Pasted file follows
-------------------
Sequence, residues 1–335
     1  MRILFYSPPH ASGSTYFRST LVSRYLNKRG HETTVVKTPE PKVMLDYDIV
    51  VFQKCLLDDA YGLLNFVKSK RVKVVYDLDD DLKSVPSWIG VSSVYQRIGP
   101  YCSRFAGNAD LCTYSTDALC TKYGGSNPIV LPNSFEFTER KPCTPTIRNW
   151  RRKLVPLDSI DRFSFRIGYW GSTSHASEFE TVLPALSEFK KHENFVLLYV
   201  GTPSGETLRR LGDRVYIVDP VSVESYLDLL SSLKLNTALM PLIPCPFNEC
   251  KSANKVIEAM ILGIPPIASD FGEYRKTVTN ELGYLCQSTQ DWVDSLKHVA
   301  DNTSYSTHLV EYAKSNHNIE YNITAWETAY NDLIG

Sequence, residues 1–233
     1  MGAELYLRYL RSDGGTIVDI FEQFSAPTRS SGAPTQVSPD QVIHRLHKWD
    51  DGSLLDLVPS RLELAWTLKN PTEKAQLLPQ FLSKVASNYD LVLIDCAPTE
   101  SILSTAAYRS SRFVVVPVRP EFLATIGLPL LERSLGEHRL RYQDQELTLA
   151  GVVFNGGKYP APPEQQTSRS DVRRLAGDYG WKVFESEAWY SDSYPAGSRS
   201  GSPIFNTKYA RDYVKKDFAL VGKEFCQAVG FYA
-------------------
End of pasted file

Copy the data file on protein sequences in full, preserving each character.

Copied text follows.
Sequence, residues 1–335
     1  MRILFYSPPH ASGSTYFRST LVSRYLNKRG HETTVVKTPE PKVMLDYDIV
    51  VFQKCLLDDA YGLLNFVKSK RVKVVYDLDD DLKSVPSWIG VSSVYQRIGP
   101  YCSRFAGNAD LCTYSTDALC TKYGGSNPIV LPNSFEFTER KPCTPTIRNW
   151  RRKLVPLDSI DRFSFRIGYW GSTSHASEFE TVLPALSEFK KHENFVLLYV
   201  GTPSGETLRR LGDRVYIVDP VSVESYLDLL SSLKLNTALM PLIPCPFNEC
   251  KSANKVIEAM ILGIPPIASD FGEYRKTVTN ELGYLCQSTQ DWVDSLKHVA
   301  DNTSYSTHLV EYAKSNHNIE YNITAWETAY NDLIG

Sequence, residues 1–233
     1  MGAELYLRYL RSDGGTIVDI FEQFSAPTRS SGAPTQVSPD QVIHRLHKWD
    51  DGSLLDLVPS RLELAWTLKN PTEKAQLLPQ FLSKVASNYD LVLIDCAPTE
   101  SILSTAAYRS SRFVVVPVRP EFLATIGLPL LERSLGEHRL RYQDQELTLA
   151  GVVFNGGKYP APPEQQTSRS DVRRLAGDYG WKVFESEAWY SDSYPAGSRS
   201  GSPIFNTKYA RDYVKKDFAL VGKEFCQAVG FYA